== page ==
Around Northern Ireland
The heritage of Northern Ireland (also known as Ulster) is largely rural. Ulster people are outdoor people. They spend a lot of their leisure time visiting and walking around the coast or going on family expeditions to the mountains at weekends. The rivers are good for fishing and there are lots of friendly hotels and B&Bs (bed and breakfasts) which welcome visitors, and local pubs often have lively musical evenings. For golfers there are the famous fairways Picture courtesy NI Tourist Board 56 International Student Handbook Section FOUR of championship courses and whole series of lovely links, many in beautiful cliff-top settings. There are 50 miles of cruising waters on Lough Erne, sailing on Lough Neagh – the biggest lake in the British Isles – sea fishing off Strangford and the Antrim coast, and many other water sports. You can go cycling and pony trekking along the seashore and backpacking in the Mourne Mountain region. If these activities are too strenuous, you could try painting or bird watching, or touring the gardens and stately homes of Ulster.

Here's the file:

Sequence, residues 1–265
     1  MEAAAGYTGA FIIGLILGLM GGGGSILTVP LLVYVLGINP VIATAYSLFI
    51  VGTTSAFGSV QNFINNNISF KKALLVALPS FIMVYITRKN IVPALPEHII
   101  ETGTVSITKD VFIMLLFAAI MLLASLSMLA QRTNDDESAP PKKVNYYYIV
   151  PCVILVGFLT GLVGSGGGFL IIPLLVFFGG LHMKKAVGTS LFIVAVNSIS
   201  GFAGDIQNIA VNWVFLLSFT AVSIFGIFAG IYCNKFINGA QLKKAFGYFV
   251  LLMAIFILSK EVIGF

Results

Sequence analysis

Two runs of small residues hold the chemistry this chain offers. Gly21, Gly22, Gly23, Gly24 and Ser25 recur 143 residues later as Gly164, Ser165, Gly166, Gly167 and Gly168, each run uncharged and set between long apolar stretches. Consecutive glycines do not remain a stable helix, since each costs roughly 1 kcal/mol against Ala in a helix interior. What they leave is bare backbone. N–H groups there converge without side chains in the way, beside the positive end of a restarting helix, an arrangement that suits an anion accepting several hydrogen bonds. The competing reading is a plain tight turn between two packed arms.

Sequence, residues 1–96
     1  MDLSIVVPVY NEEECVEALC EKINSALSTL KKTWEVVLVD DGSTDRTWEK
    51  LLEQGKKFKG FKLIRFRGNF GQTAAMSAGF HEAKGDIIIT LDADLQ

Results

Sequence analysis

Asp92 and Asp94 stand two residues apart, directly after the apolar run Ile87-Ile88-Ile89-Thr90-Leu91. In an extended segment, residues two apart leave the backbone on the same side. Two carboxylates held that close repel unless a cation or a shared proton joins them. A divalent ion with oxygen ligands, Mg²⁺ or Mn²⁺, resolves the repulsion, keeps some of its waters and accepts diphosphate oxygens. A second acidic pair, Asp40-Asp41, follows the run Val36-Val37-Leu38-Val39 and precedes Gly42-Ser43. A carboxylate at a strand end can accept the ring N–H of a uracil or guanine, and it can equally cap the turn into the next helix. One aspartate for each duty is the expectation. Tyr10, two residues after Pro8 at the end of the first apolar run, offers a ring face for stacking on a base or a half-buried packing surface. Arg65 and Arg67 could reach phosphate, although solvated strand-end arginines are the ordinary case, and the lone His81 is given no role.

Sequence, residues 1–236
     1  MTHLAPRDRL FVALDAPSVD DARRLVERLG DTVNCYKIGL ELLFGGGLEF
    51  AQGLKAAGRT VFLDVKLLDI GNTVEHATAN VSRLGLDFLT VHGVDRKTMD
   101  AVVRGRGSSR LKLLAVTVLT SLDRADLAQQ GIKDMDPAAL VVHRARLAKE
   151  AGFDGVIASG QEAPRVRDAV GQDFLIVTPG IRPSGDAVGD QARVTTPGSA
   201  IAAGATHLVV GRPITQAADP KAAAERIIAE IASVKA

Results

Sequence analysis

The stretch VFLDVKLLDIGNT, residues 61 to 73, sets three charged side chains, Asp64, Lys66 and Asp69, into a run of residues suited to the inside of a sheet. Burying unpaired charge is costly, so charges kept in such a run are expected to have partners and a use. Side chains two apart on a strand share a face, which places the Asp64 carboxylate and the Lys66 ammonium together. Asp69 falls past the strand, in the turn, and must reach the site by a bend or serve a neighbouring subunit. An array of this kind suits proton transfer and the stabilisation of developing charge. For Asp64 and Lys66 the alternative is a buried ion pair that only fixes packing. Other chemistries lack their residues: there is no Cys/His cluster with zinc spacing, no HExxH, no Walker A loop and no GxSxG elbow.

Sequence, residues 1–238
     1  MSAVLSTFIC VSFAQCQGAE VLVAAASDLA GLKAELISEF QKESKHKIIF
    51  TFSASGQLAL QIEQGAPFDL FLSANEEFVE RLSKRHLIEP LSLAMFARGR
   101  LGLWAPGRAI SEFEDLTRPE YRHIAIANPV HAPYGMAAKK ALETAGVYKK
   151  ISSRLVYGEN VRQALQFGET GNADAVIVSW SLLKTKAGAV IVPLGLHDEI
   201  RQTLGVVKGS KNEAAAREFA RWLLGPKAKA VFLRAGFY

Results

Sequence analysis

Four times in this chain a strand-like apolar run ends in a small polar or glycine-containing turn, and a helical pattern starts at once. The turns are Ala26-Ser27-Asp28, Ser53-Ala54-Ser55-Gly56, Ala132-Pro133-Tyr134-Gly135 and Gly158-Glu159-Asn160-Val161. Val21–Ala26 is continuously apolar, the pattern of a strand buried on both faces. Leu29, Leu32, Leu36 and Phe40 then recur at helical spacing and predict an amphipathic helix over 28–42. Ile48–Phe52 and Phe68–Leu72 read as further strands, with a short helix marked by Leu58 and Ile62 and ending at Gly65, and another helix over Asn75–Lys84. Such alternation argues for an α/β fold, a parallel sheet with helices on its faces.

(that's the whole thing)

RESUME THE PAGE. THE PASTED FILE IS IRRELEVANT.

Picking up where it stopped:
The climate in Northern Ireland is generally mild and temperate in both winter and summer. It tends to be breezy, with sudden changes from cloudy to sunny skies and vice versa. The sunniest months are May and June and the driest period is March to June. Lightweight woollen and cotton clothes are suitable in summer, with thicker wool sweaters or jackets for spring and autumn. A raincoat is needed whatever the season. The winter months can be cold and damp with temperatures sometimes dropping a few degrees below zero.